Mt Agamenticus, this southernmost mountain biking area in Maine has many miles of trails, including the eight-mile loop described here. Most of the loop follows moderately technical double- and single-track trails through secluded woods, with about a mile on two-wheel-drive dirt roads. There is an easier loop that connects with this one just to the west. Except for a short stretch at the beginning and end of this ride on a dirt road, you're in woods. Like all forests, though, this is more than trees. Besides stands of hardwood and softwood trees, you pass a large pond, a swamp, several brooks, and stone walls.
You can also ride or drive up the steep, paved access road at the beginning of the ride to the summit of Mt. Agamenticus, where you can climb a fire tower for a panoramic view and relax on a clearing. Then you might descend on a short, steep trail at the northern edge of the parking lot, which veers left and comes out on the access road after eight-tenths of a mile. Four miles north of the ride is Maine's most popular ocean beach, Ogunquit Beach.
York, ME, four miles west of Interstate 95.
This ride is on relatively flat terrain, with short climbs and descents.
Riding is good from June through winter, with some wetness during the spring.
These secluded trails can be tricky to follow at times--especially in autumn, when leaves cover tracks. But the area is compact and bounded on all sides by roads, so you can orient yourself. The trails are also used occasionally by hikers, equestrians, and all-terrain vehicles.
From the south, take the last exit before the toll on Interstate 95, at York Village. Head north on U.S. 1 for 3.5 miles (a half-mile past the junction with U.S. 1A). Turn left onto Mountain Road, following it for four miles and watching so that you don't fork onto smaller roads. After about three miles, fork left onto Agamenticus Road. Just before the road becomes dirt, there is a turnoff on the right. You can park here, or turn right and climb on pavement to a parking lot at Mt. Agamenticus.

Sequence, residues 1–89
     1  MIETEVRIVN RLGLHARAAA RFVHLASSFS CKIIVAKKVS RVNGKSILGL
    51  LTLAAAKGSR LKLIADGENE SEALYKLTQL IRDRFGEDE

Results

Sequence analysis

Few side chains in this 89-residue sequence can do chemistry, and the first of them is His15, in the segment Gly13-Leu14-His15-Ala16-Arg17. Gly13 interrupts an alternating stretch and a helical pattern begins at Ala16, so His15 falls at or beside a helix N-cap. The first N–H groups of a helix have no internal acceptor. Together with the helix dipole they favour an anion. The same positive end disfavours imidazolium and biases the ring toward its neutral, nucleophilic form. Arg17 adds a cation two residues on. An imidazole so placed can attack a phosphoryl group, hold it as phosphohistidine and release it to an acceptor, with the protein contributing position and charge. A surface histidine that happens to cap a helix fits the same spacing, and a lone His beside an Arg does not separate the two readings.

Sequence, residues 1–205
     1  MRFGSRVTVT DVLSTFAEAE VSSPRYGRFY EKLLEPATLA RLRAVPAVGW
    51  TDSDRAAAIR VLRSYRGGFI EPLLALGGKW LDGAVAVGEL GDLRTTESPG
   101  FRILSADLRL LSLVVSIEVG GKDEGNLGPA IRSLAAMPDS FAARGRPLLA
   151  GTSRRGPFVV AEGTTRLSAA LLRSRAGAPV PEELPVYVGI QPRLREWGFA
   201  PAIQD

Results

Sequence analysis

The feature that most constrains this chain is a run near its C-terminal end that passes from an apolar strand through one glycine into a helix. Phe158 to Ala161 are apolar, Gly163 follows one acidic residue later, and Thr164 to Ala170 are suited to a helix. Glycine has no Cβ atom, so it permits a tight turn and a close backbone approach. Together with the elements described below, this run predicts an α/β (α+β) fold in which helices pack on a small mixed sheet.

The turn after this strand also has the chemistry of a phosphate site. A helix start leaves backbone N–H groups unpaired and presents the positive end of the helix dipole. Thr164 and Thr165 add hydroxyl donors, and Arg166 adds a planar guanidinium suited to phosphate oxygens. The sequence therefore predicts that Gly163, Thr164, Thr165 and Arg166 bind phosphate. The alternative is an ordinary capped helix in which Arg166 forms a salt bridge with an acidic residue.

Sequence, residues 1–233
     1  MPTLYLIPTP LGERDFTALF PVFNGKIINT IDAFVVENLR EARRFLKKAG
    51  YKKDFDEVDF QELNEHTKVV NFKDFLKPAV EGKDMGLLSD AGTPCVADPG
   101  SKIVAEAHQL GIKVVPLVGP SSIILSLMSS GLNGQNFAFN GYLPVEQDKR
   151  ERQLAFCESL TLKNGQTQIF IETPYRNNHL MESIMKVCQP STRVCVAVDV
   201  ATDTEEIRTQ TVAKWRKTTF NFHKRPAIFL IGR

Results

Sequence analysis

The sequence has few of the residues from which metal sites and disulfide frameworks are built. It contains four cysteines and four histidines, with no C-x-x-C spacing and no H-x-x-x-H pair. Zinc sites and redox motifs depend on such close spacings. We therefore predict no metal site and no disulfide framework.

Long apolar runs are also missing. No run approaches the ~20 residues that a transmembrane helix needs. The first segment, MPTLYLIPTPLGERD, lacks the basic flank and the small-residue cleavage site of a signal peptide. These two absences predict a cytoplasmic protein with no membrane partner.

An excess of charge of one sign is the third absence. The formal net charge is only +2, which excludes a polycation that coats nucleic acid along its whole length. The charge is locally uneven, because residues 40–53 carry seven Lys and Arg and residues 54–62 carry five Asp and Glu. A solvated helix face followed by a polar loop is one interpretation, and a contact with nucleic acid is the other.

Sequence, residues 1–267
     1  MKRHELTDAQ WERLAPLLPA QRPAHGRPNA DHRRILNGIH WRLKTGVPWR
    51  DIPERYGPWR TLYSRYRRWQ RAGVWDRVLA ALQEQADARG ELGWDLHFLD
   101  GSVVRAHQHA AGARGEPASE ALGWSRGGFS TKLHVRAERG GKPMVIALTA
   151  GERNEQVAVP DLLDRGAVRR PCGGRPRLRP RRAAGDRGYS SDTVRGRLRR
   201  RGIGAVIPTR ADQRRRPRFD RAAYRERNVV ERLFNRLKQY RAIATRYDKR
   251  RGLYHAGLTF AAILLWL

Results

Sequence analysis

Notes on the trail:
You can begin by riding westward on unpaved Agamenticus Road. After a half-mile, turn left sharply downhill onto a 4wd road. After one-tenth of a mile, turn left. At one mile, you will pass a pond on the left. The trail may become harder to follow for a while: keep going straight (southeastward), veering left at 1.2 miles and passing a reservoir on the right visible through the trees.
At 1.3 miles, you will reach the main north-south trail through this area. Turning left on it takes you back to Agamenticus Road, for a short loop. Otherwise, turn right onto a single-track trail uphill. When you reach a pond on the right at 1.5 miles, turn left. Turn left again uphill at 1.8 miles. This scenic single-track trail follows along a pond, and then becomes wider and grassier. At about three miles, turn right sharply. (If you miss this turn northward, you will soon reach a paved road.) At an upcoming clearing, veer left. At about four miles, turn right, then right again at 4.1 miles, and another right at about five miles. At six miles, veer right at the reservoir through the trees, on the same trail you came up on. You will reach the main trail junction at 6.3 miles. Turn right on a double-track trail. At seven miles, you will reach paved Agamenticus Road. Turn left and ride a short distance back to the access road for Mt. Agamenticus.
Many more miles of riding await your explorations at Mt Agamenticus. Let the ride above be your introduction.
This ride is adapted from Mountain Biking Northern New England, by Paul Angiolillo.